In longer-running games, how do you handle Relationships gained or lost by regular, non-dramatic moments?
I’m well aware of the optional rule where you Circle a person often enough to gain a Relationship. And I’ve seen successful DoW stakes that have included the gain or loss of a Relationship. But it seems to me with longer games, there’s a tendency for the Relationships section on the character sheet to become a bit crusted over and ignored despite an increasingly vibrant web of connections. But keeping all parts of a character sheet active seems better. And sometimes…Relationships just seem to happen or disappear over time through play without there ever being a defining moment (let’s assume there is already plenty of drama, so pushing for drama in finding these characters via Circles may not be the sweet spot of the story right now).
In a past Campaign I ran, the logical thing to me seemed to be assessing Relationships around Trait vote time and granting one or more based on how play had been going, and possibly removing one or more that no longer made sense.
I’m thinking about this now, because my Swordlord frequently interacts positively and closely with a couple of NPCs (a squire, and a fiance), and has been for months of game time, but they aren’t capital-R Relationships, whereas she still has a Relationship with a Rival who’s been back-burnered for sometime just because she started with it on her sheet during character burning. The Rival has come back into play at the edges, but it no longer seems appropriate to be able to summon him back into a scene - my Swordlord has no idea what he’s been up to, what his plans are, or where he lives. Wouldn’t a Relationship vote make sense here?
How do you handle it? There isn’t much in the book about them after Burning, but Relationships are mechanically powerful, so it makes sense to pay them some mind.
We do reputation votes, but not votes for relationships. Though the GM can award a character as a relationship. We generally accrete relationships by circling them enough times.
I’ve straight up awarded relationships with NPCs to players, because playing that NPC was so much fun, and I wanted to keep them in the game. (I only do this if the player is also demonstrably having fun interacting with the NPC). I generally do this around trait vote time.
It’s been a while since this happened, but I remember having relationship status with a character bestowed as part of the outcome of a Duel of Wits, which isn’t always ultimately a benefit for the player.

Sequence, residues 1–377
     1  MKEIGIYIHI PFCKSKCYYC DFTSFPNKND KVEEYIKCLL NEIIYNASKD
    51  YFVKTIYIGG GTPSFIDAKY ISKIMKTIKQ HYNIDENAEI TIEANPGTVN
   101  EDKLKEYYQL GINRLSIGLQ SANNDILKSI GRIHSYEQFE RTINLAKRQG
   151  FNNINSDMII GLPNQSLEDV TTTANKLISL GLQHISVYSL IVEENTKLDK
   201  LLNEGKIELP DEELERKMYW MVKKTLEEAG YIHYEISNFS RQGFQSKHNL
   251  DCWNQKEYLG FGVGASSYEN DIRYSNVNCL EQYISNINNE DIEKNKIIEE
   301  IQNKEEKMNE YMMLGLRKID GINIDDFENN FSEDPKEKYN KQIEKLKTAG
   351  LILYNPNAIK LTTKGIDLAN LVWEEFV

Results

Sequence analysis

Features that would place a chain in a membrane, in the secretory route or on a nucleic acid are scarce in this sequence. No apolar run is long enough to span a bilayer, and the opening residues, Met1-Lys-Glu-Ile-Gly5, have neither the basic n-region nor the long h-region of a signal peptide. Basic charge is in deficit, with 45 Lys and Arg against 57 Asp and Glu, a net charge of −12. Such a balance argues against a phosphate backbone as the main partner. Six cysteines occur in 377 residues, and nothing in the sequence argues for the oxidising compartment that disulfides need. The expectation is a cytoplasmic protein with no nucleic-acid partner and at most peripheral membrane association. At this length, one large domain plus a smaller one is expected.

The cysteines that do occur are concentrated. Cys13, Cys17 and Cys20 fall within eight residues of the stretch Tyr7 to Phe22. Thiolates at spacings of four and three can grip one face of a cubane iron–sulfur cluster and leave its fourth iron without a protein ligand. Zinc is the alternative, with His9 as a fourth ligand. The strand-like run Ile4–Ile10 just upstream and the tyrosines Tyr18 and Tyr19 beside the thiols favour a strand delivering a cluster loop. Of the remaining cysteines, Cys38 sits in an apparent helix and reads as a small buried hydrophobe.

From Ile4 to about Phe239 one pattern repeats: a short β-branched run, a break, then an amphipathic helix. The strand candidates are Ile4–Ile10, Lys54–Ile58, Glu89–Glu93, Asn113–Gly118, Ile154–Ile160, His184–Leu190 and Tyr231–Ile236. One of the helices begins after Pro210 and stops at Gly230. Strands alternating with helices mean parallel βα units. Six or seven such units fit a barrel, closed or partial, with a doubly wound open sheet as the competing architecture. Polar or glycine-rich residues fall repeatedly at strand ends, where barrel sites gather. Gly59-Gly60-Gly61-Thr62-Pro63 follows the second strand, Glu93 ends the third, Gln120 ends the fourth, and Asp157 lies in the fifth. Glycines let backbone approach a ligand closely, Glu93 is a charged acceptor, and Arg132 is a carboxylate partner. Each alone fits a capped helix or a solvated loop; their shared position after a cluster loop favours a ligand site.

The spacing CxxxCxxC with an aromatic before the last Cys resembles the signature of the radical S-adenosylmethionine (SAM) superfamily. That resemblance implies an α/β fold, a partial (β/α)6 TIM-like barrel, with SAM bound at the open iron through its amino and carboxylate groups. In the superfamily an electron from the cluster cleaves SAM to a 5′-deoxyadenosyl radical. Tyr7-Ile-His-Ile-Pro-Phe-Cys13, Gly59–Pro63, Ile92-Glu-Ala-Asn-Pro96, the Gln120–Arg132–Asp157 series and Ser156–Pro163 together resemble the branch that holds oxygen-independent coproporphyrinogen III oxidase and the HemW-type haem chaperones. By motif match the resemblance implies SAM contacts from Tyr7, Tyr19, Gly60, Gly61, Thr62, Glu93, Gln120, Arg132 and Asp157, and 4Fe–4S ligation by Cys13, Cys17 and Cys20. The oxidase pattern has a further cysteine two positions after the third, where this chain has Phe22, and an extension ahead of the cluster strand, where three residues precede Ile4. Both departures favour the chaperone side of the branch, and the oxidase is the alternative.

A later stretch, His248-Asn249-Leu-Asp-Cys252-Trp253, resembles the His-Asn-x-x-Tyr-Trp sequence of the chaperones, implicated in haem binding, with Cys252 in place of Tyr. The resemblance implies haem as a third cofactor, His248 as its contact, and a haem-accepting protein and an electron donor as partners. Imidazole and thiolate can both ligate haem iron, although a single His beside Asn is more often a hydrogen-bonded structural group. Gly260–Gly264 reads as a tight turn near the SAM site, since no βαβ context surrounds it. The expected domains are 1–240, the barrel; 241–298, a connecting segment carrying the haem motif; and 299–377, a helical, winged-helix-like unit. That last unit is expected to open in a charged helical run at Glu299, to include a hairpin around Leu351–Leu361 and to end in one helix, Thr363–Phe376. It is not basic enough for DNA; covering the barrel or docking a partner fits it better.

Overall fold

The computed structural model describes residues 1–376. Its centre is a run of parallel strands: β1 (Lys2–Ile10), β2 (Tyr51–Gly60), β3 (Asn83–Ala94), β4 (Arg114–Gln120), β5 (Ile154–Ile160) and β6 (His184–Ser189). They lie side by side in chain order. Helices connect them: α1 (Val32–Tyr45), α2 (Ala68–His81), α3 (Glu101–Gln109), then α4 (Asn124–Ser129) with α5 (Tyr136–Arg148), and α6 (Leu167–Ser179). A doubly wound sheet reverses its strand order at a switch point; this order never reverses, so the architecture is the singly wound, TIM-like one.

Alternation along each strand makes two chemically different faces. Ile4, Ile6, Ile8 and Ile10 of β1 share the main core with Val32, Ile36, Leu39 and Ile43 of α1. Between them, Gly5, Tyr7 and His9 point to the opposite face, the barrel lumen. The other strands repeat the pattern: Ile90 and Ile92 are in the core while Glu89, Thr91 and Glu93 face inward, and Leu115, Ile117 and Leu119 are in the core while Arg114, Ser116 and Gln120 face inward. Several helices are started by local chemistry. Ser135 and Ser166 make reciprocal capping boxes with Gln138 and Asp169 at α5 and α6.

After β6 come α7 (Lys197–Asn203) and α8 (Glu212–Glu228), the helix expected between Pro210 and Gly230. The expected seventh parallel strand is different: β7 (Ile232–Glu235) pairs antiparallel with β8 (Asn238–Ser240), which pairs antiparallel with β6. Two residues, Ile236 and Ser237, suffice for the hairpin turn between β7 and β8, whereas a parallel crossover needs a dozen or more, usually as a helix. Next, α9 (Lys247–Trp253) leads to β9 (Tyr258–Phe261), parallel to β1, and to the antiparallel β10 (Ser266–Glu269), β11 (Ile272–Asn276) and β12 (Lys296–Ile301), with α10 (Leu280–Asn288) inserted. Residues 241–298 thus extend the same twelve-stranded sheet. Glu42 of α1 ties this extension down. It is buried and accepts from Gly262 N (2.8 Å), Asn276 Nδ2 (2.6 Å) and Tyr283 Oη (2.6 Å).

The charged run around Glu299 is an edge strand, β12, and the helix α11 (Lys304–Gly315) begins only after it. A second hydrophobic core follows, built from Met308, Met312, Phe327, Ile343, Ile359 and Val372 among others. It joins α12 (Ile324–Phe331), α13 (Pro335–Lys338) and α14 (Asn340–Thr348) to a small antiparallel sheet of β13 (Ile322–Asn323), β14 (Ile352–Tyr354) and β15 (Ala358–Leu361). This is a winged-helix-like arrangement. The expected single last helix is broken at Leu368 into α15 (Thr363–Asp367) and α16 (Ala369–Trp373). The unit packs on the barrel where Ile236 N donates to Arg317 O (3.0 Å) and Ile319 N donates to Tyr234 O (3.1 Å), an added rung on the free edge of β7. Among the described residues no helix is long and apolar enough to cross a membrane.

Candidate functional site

It’s an interesting gray area. I like the idea of a Relationship vote, similar to a Trait vote, to take care of significant but less directly sought relations, but I could see problems with that too, because it would be allowing players to make a statement about NPCs that make not actually be true. The GM might be working on something below the surface that hasn’t arisen yet, and a vote could step on that a bit. But going back to Circling multiple times doesn’t make sense for every case. The GM could certainly award a Relationship outright, but there’s also an interesting precedent with Steel tests where (p.364) “GMs can award tests for advancement based on conditions that arose in play…No rolls are made in this case.” So that might be another way to handle it.
(I’m not significantly worried about this, btw, but it’s interesting to think through!)
In any game (not just Burning Wheel) I have always attempted to play out npc’s as true to character as possible. The decisions they make and actions they take must make sense to (for) them.
In Burning Wheel any relationship that has been purchased in burning remains in play, even if they haven’t made an appearance lately, they’ve been working on their own goals, unhindered by the player characters annoying presence or interference.
Circles give us a great way to bring new characters to the story, but they still must be subjected to the effects of role-playing.
To that end, if the npc has become an intrical part of the story, they could be voted on or awarded as a named contact, or even as a relationship in extreme cases.